To Anybody Out There My name is Jackie McGee. I am the girl who disappeared. Listen to the news. See if other pieces of paper are scattered nearby. Maybe if you yell really loud I can hear you and yell back. I am not making this up. Please help! Left in an underground cement room by an unknown captor, Jackie has food and water but no light or human contact. She does not know when--or if--her abductor will return. As her desperation mounts, Jackie touch-types to focus her mind: letters to her family, a story for her English class, and reflections on her life in the past few months. In her isolation and fear, Jackie is forced to test her emotional boundaries, and in doing so she finds new meaning in her past as well as rich reserves of strength and courage within herself.
The Girl in the Box Ouida Sebestyen Laurel Leaf, 1998 Source: Library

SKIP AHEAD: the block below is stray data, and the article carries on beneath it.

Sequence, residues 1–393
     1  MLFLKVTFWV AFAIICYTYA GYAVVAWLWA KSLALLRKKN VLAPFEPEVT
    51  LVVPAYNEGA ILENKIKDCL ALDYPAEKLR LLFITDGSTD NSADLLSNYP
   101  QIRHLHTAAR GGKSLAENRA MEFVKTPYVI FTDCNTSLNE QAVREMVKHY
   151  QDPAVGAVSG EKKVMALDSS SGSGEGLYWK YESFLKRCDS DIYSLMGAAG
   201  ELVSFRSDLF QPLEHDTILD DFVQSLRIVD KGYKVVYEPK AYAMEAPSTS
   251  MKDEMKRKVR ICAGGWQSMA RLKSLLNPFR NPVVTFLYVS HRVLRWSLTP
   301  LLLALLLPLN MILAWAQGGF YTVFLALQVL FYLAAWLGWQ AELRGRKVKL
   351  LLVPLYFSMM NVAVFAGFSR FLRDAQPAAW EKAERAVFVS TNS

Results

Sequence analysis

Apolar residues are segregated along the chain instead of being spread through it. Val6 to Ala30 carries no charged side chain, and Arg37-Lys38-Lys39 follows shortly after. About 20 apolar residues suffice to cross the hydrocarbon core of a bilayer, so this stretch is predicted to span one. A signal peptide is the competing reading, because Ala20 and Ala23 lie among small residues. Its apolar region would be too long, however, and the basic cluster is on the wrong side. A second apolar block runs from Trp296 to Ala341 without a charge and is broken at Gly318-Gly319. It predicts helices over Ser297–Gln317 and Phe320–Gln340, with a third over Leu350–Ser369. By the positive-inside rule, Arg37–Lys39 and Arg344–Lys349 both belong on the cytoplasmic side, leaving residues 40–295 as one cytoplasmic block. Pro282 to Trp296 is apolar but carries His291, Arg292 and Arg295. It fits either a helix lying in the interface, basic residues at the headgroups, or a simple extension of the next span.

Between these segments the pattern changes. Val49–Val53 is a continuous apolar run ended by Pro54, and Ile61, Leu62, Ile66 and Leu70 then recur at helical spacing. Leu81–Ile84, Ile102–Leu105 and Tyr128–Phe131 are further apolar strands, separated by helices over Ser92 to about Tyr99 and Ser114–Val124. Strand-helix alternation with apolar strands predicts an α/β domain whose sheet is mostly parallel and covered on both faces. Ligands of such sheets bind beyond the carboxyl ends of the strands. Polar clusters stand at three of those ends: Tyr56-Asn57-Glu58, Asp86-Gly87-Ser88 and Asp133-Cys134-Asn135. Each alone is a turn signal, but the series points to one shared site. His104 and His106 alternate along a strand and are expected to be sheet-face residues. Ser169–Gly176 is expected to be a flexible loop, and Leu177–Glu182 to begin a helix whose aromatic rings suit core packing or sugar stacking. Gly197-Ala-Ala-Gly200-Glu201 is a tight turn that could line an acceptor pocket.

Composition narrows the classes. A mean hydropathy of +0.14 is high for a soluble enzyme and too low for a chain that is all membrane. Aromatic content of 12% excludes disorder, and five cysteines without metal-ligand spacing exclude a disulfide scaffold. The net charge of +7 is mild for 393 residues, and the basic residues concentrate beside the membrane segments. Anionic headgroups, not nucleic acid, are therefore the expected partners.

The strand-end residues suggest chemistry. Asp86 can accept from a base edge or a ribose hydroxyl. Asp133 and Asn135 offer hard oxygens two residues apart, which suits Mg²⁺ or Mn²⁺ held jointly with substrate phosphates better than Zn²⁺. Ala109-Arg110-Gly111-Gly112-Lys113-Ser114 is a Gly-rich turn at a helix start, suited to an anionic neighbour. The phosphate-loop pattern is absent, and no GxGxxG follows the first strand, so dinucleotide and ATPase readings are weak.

I love scary books, especially if there's some kind of mystery involved. When I read about The Girl in the Box by Ouida Sebestyen in Paperback Crushby Gabrielle Moss, I immediately Interlibrary Loaned it. Moss reported that a majority of the reviews on Goodreads stated how traumatizing the novel was to young readers. I needed to see it for myself.
As an adult, I have read things far more traumatizing than The Girl in the Box. However, I can imagine how much it would've scared me if I had read it as a young teen. (Honestly, I got bored at the story-within-a-story sections and skimmed them.) The premise is odd, and a bit thin if you think about it too much. A kidnapper lets her keep a typewriter??? Why? Sebestyen addressed why the character had the typewriter in the first place, which helped. Overall, I doubt that young minds will question it like adults will. For all readers, the most terrifying part is that there is no epilogue saying that Jackie died. There's also no journal entry saying that she lived, either. It's up to the reader to decide her fate, which is always frustrating - especially to young readers.
Overall, I'm glad that I read it but I wasn't super impressed.